Not all gloves are the same
Logic dictates that the optimum design for boxing gloves should include smooth surfaces to help decrease the chance that the glove would cause unnecessary injuries. Since the earliest gloves were made, designs incorporated the same accentual concept of hiding the thumb, like this patented design (ill. right) made in 1890 by J. Stewart. The unremarkable boxing glove has been a patent fixture of the sport for more than a hundred years. Moreover, it was the simple glove that elevated a savage back room and back alley playing host to mostly illegal contests–into a legitimate and hugely popular sport. It was the boxing gloves that took the edge off the brutality and softened the spectacle. The boxing glove is perceived as a shock absorber somewhat lessening the impact of blows. It is the glove that has contributed to lessen hand injuries, and reduce the bloodiness. Through the years both subtle and dramatic improvement and advancements in safety have advanced the sport immensely. Contrary to popular belief, statisacally boxing is one of the safest sports in the world.
In 1983 John Golomb then working as Product Designer or his family business took an old idea and developed a revolutionary boxing glove design idea. Thoroughly tested and officially approved by most boxing authorities and commissions. His patented glove known then as the Thumbless Glove was widely used by professional boxers in New York State in which it was mandated for all professional fights excluding a championship contest. Many of Michael Tyson’s fights the boxers wore the new glove. US Military Academies gladly accepted and integrated the new gloves into their boxing programs. Many amateur associations including the Golden Gloves used the gloves.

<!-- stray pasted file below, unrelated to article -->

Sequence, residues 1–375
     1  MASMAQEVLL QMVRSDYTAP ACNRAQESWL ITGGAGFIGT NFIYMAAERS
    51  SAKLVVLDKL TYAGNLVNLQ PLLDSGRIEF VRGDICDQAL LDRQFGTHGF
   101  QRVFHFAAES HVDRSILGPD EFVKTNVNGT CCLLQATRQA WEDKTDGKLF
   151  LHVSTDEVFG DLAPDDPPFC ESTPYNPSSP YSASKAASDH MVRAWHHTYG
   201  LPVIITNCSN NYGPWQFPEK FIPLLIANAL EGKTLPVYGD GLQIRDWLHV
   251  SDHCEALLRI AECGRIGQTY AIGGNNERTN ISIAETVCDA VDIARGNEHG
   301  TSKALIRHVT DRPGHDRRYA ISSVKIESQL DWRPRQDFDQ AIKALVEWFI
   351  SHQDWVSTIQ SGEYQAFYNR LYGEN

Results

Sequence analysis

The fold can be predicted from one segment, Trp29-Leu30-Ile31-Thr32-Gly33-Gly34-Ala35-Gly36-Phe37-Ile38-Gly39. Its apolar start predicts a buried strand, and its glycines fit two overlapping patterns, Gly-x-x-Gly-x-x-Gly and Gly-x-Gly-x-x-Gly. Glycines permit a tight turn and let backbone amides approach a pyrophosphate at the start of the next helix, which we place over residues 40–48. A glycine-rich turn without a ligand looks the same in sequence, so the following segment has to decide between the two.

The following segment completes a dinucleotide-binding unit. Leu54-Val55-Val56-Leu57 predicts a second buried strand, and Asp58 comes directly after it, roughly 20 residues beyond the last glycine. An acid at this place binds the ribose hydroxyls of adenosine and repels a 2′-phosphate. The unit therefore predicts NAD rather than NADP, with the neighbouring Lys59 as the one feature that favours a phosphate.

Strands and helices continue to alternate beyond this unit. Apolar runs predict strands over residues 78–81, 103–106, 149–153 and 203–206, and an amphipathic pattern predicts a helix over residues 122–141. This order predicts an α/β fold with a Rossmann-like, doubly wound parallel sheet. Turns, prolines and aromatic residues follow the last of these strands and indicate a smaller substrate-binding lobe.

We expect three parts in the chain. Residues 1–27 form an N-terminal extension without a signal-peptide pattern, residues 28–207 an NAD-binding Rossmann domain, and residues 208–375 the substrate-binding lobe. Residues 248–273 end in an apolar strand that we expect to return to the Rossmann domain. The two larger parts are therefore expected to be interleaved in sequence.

After suffering a detached retina that threaten his career, professional boxer RayLeonard was able to resurrect it by using the Thumbless glove in training and in a comeback fight.
For the most part the Thumbless glove has been recognized by the optimal design for boxing gloves since. Most of medical advisory boards for boxing and commissions national and international for boxing safety have recommended the gloves and still do.
So if the Thumbless glove is so great then why isn’t it the only kind of glove that is used. There are a few reasons for the lack of its
visibility in boxing. When the glove was introduced in 1983, the Everlast Sporting Goods Manufacturing Company had spent a great deal of money to develop the product.
Although state boxing commissions and legislations considered mandating the glove, there was a natural resistance to change, and considerable product loyalty to other manufacturers from the professional boxing establishment. The resistance grew fearst considering that only Everlast would be able to make the gloves. No one state authority would take the ultimate risk to sanction the gloves since it would or could mean they would lose a possible lucrative title fights if they insisted the contestants wear the new gloves. Ultimately Everlast sensing a possible back lash from the boxing community that could have meant that the company may lose its own professional loyalty,
developed an alternative plan. The decided that an alternative design be exchanged for the Thumbless glove. The new design which has manufacture Thumbless gloves they resisted any dynamic promotion opting to allow the boxing establishment to chose their preference between thumbless and tied thumb. Interest in gloves remained small but loyal, however, since ownership of Everlast has been sold to a foreign entity and discontinued manufacturing in the USA, the owners have not continued to offer the unique glove.